How Hard is it to Buy and Sell a House at the Same Time?

Buying a house is a huge investment and many times buyers will purchase the most expensive house they can afford. When you buy the most expensive house you can qualify for, it makes it very tough to buy another house without selling the house you own first. It can be tricky, but it is possible to sell the house you own now and buy another house on the same day. This allows you to avoid moving all of your possessions temporarily while you wait to buy a new house. When you are selling a house at the same time you have to make sure you have awesome real estate agents and lenders to make everything work as it should. One complication or oversight can cause delays, which can cause huge problems for both the seller and buyer.

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Why can’t many home buyers buy a home before they sell their current house?

Most buyers will get a loan when they buy a house. The amount the can qualify for will based on many factors like credit, down payment, work history and debt to income ratio. The amount of the loan you can qualify for is based on your debt to income ratio and down payment. If you have bad credit or a short work history you may not be able to qualify for a loan at all even with great debt to income ratios and huge down payments. A super high credit score will not allow you to qualify for more money, but it will allow you to qualify for different loan types and interest rates.

Here is an article more information about qualifying for loans.

As a home buyer you do not have to figure out these complicated equations to see how much you can qualify for. A lender can look at everything and tell you, this is how much you qualify for and this is about what your payments will be. Most buyers see these figures and buy a house that is close to the most they can qualify for. The problem is when they buy a house that maxes out what they can qualify for, they cannot qualify for another home when they own the first house. When buyers do this and want to invest in rental properties it can be very tough to buy more houses.

If you want to move up, move to a different area or even downsize, you will most likely have to sell your current house before you can buy the new one. Most lenders will not give you a loan assuming the house you have now will sell, they want to see it sold and the loan paid off. Some of you may be thinking that you can rent your current house instead and that will satisfy lenders. Most lenders will not count rent income until it shows up on your taxes and many will not count all of your rent as income, because renting a house comes with many expenses. If you want to rent your house instead of sell it, you will have to have it rented for a certain period of time before being able to qualify for another home.

Here is a great article on how to reduce your debt to income ratio.

How can you buy and sell a house at the same time?

Many people have to sell their current house, before they can buy another. There are different options as far as short-term housing, but it is also possible to sell one house and buy another without moving in between. Here are the basics on how this works:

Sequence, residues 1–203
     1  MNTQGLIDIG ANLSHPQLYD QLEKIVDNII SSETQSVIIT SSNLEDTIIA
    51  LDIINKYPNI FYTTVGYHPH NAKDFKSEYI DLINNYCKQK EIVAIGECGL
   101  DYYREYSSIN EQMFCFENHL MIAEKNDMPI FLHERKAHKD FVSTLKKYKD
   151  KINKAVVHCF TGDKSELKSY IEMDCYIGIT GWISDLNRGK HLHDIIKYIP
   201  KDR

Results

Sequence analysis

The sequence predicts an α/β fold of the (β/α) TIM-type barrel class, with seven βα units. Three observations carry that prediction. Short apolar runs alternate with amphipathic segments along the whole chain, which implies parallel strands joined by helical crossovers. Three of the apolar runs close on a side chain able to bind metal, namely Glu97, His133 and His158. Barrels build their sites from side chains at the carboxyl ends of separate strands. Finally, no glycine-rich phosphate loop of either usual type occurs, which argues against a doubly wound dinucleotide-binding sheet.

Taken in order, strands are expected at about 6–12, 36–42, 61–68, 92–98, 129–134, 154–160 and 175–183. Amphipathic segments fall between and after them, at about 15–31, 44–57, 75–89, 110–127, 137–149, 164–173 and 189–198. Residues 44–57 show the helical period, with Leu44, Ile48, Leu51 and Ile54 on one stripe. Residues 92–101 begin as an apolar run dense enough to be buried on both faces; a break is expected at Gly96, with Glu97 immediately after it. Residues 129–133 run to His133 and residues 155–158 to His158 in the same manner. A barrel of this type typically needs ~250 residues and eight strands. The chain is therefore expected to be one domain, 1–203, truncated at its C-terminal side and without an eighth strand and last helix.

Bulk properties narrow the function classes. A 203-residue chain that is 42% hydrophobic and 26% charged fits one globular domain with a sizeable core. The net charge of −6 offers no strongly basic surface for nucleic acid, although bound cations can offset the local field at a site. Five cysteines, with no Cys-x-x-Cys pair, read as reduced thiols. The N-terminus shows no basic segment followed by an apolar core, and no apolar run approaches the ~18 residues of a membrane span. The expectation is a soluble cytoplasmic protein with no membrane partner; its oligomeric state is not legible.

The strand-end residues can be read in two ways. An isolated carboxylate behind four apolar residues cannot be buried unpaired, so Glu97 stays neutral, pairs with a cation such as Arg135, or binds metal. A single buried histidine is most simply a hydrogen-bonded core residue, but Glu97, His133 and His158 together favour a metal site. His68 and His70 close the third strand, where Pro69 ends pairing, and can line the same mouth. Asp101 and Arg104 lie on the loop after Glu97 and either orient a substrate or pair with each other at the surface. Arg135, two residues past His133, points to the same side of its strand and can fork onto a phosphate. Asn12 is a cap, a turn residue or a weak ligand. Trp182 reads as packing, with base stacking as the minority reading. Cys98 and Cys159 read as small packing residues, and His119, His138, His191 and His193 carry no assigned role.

• Either find a house you want to buy or list your house for sale and then find a house you want to buy.
  • Write a contract on the house you want to buy, which is contingent on you selling your house.
  • If you price your home well you should get an offer right away.
  • Try to time the closing on the house you are selling just before you close on the house you are buying.
  • Close on the house you are selling. Move all your stuff into a moving van. Close on the house you are buying and move into the home.

It is actually very common to see this scenario pan out. Many times it works out great, but in some cases one delay on any side of the transaction can cause serious problems. I also see chains of contingent sales, which can make everyone involved very nervous. For example:

  • You have a contract to buy a house contingent on your house selling.
  • The contract for the house you are selling is contingent on those buyers selling their home.
  • The sellers of the house you are buying are buying a new house and their contract is contingent in their house being sold to you.

I have seen chains like this longer and if one thing gets messed up, everyone’s deal can fall apart. If the buyer of your house lose their buyer on the house they are selling, they can’t buy your house anymore. Now you don’t have a buyer for the house you want and the seller’s of that house lost their buyer too!

What does a contingency mean and how do they work with selling and buying houses?

A contingency means that a contract can terminate if the contingency is not satisfied. A contract can be contingent on a satisfactory inspection, appraisal, loan approval, survey and many other things. When buying and selling a house at the same time the contract is often contingent on the seller finding a buyer for their home by a certain date.

It is common to see a contingency worded like this:

  • This contract is contingent on the buyers home at 123 main street going under contract by October 20th, 2015. If the buyers home is not under contract by this date this contract will terminate.

If you get to this date and the buyer’s home is not under contract yet, you can try to amend this date out further if the seller agrees. If the seller does not agree they can terminate the contract and look for a new buyer. You can also see first right of refusal clauses in contracts for buyers who have to sell their home first. Some seller’s may not want to tie up their home for a contract that is contingent on a house that is not under contract yet.